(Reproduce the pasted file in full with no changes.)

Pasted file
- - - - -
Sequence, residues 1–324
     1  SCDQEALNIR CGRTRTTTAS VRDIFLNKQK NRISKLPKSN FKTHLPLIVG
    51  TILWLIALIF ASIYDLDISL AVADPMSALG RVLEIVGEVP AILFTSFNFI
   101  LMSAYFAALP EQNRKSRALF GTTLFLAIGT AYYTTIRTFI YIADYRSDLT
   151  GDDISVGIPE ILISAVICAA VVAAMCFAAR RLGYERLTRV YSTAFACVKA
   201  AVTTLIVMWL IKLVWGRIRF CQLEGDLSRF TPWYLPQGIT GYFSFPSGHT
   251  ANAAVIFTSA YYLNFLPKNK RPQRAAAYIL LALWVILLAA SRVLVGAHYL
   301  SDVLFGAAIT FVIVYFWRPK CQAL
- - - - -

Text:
Sequence, residues 1–324
     1  SCDQEALNIR CGRTRTTTAS VRDIFLNKQK NRISKLPKSN FKTHLPLIVG
    51  TILWLIALIF ASIYDLDISL AVADPMSALG RVLEIVGEVP AILFTSFNFI
   101  LMSAYFAALP EQNRKSRALF GTTLFLAIGT AYYTTIRTFI YIADYRSDLT
   151  GDDISVGIPE ILISAVICAA VVAAMCFAAR RLGYERLTRV YSTAFACVKA
   201  AVTTLIVMWL IKLVWGRIRF CQLEGDLSRF TPWYLPQGIT GYFSFPSGHT
   251  ANAAVIFTSA YYLNFLPKNK RPQRAAAYIL LALWVILLAA SRVLVGAHYL
   301  SDVLFGAAIT FVIVYFWRPK CQAL